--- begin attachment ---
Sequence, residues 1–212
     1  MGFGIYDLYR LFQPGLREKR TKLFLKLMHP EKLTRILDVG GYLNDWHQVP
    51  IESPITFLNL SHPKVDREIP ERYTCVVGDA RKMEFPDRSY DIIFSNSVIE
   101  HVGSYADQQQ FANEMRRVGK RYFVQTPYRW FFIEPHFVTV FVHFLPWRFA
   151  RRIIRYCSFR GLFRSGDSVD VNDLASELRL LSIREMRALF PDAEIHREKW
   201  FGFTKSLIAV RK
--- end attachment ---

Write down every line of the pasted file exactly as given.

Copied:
Sequence, residues 1–212
     1  MGFGIYDLYR LFQPGLREKR TKLFLKLMHP EKLTRILDVG GYLNDWHQVP
    51  IESPITFLNL SHPKVDREIP ERYTCVVGDA RKMEFPDRSY DIIFSNSVIE
   101  HVGSYADQQQ FANEMRRVGK RYFVQTPYRW FFIEPHFVTV FVHFLPWRFA
   151  RRIIRYCSFR GLFRSGDSVD VNDLASELRL LSIREMRALF PDAEIHREKW
   201  FGFTKSLIAV RK